Connect with us
Advertise With Us


Economics: Recession Threat Lurks Behind Global Policymakers’ Go-slow Focus



Global economic policy makers may risk making the perfect the enemy of the good. From the Federal Reserve and the German Finance Ministry, to the People’s Bank of China, economic authorities have reacted with restraint to signs of spreading weakness worldwide.

As officials gather in Washington for the annual International Monetary Fund meeting, the danger on minds is that they will misjudge the severity of the slowdown — as they seek to calibrate policy just right — and allow the risk of a recession to morph into reality.


Subdued Momentum

IMF projects slowest global growth since financial crisis, then stabilization

“The global outlook remains precarious with a synchronized slowdown and uncertain recovery,” IMF chief economist Gita Gopinath wrote in an Oct. 15 blog post. Citing a broad deceleration as trade tensions undermine the expansion, the IMF this week cut its 2019 global growth forecast to 3%, the weakest performance since 2009 — when output shrank and the financial system tottered.

Policy makers back then pulled out the stops to fight the downturn, slashing interest rates to rock bottom levels and opening up the spending spigots. The stakes now are not nearly that great, especially since the putative U.S.-China trade truce has reduced — at least for now — the biggest risk to the outlook.

As a result, officials are fine-tuning policies to achieve objectives rather than just relentlessly pumping up growth. They’re trying to reduce excessive leverage and engineer soft landings for their economies. So the Fed is trimming rates — it’s expected to move again this month — while governments are holding off from budget-busting fiscal packages.


Out of Ammunition

There are other reasons for the restrained response. Some central banks — particularly the Bank of Japan — are virtually out of monetary ammunition. And it takes time for governments to put together and pass changes in taxes and government expenditures.

“Fiscal policy is political and far slower to respond than monetary policy,” Chua Hak Bin, an economist at Maybank Kim Eng in Singapore. It “depends more on the bureaucracy and politics than on the economic cycle.” Another complication: Policy makers don’t have a lot of experience dealing with trade tensions. It’s “something that we haven’t faced before,” Fed Chairman Jerome Powell said in July.


China Debt

The more tempered reaction is most evident in China, which is trying to rein in debt that tops 300% of gross domestic product, according to the Institute of International Finance. Rather than launching an all-out borrowing binge as it did a decade ago, the government has responded with more targeted measures, including 2 trillion yuan ($280 billion) of tax cuts and some infrastructure spending. It’s also held off from dramatically loosening monetary policy. “We are not in a rush to roll out massive rate cuts,” People’s Bank of China Governor Yi Gang said Sept. 24.

“Policy makers in China have shown restraint and are allowing growth to slow, partly due to a desire to maintain financial stability,” said Shaun Roache, S&P Global Ratings’ Asia-Pacific chief economist. The downside is that growth next year could slip below 6%, the most tepid pace in decades.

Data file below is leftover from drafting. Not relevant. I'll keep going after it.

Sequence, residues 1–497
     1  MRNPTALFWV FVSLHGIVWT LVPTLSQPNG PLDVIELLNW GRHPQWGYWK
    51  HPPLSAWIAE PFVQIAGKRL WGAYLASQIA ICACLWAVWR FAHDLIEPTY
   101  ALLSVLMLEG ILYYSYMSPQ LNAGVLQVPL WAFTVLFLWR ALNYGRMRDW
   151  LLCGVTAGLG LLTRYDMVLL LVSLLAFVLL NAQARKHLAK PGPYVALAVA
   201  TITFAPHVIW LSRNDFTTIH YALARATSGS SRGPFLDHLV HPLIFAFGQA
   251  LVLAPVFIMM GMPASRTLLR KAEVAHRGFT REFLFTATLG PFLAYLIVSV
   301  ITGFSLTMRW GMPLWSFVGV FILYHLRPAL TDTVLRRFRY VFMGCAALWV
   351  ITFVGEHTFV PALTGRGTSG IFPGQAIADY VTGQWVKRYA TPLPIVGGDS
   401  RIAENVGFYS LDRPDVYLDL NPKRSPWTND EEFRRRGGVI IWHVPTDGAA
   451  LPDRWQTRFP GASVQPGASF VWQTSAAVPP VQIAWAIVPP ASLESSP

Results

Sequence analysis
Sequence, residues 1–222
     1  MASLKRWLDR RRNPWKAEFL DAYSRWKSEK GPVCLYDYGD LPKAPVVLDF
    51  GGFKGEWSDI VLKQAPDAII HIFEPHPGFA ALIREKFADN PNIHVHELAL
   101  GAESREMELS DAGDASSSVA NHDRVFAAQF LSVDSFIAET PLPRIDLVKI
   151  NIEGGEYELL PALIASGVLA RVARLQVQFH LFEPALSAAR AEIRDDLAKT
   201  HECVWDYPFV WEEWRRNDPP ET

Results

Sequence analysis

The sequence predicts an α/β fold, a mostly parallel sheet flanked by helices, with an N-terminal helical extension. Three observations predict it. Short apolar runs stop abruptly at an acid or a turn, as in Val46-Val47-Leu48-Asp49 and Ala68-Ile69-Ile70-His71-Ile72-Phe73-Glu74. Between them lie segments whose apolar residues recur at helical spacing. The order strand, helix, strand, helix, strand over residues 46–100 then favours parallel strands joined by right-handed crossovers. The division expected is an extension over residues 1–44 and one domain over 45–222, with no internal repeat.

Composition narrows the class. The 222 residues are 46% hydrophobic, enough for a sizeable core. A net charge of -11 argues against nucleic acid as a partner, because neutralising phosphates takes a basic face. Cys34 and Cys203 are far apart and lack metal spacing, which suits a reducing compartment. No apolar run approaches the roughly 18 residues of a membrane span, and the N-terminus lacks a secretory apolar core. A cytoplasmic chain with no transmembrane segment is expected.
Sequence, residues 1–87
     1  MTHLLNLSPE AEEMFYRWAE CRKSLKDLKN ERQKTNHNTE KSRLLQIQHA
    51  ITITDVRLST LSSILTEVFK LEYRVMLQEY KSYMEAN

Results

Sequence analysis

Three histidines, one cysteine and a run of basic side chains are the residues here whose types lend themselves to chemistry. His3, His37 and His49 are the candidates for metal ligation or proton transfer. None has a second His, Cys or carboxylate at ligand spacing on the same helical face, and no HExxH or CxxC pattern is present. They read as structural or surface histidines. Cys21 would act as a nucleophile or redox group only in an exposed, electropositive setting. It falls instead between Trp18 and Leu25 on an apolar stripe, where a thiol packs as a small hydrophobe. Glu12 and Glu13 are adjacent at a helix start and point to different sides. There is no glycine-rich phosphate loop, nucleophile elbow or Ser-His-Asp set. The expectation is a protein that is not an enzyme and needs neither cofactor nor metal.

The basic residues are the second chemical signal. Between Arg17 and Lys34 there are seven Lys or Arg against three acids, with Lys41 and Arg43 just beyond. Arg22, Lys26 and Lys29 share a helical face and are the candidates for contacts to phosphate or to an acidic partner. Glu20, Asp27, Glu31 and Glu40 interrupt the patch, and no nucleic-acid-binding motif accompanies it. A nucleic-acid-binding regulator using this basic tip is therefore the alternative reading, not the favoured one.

Japan’s Economy

The Chinese slowdown has sideswiped Japan’s export-dependent economy. But rather than responding with a looser fiscal stance, Prime Minister Shinzo Abe pressed ahead with an Oct. 1 consumption tax increase that he says is needed to improve the government’s finances but which some economists fear could trigger a downturn. The push to tighten budget policy — even though countermeasures such as tax breaks on buying cars were also rolled out — will pressure the BOJ to expand its already unprecedented stimulus measures.



Germany has also felt fallout from China’s downdraft and looks to be on the brink of a recession. Yet the government has so far resisted rolling out a big budget package.


That’s despite pleas from outgoing European Central Bank President Mario Draghi that fiscal policy makers should step up after the central bank resumed quantitative easing last month. Europe’s largest economy is prepared to spend “a lot of money” if it faces an economic crisis, but those conditions don’t exist, Finance Minister Olaf Scholz said Oct. 10.

Under the country’s constitution, the lower house of parliament must first declare a crisis if the government is to issue debt beyond the normal guidelines.The likely result for now is a “slow-motion stimulus,” Berenberg economist Florian Hense told Bloomberg Television on Oct. 10.


Federal Reserve

The Fed, for its part, was fairly quick off the mark to cut rates, by a quarter-percentage point each in July and September, even as the economy powered ahead. But it’s unclear how much further it’ll go even though growth now is slowing. Some policy makers have expressed concern that lowering interest rates may encourage risk taking and fuel financial-market bubbles.

Powell has likened today’s situation to two instances in the 1990’s when the Fed cut rates three times, just enough to ensure that the economy “gathered steam and the expansion continued.” But sticking a soft landing and avoiding a crash is not easy. Indeed, research by New York Fed President John Williams suggests the central bank should be aggressive in easing policy when rates are low.

Deutsche Bank Securities economist Matthew Luzzetti said trade policy uncertainty may be tempering the Fed’s response as it tries to sort through sudden shifts in President Donald Trump’s stance and their impact on financial markets. That said, global policy makers have pushed out a fair amount of stimulus, particularly in parts of Asia, the trade shock’s epicenter. But whether that will prove enough remains unclear.


– With assistance by Francine Lacqua

Culled from Bloomberg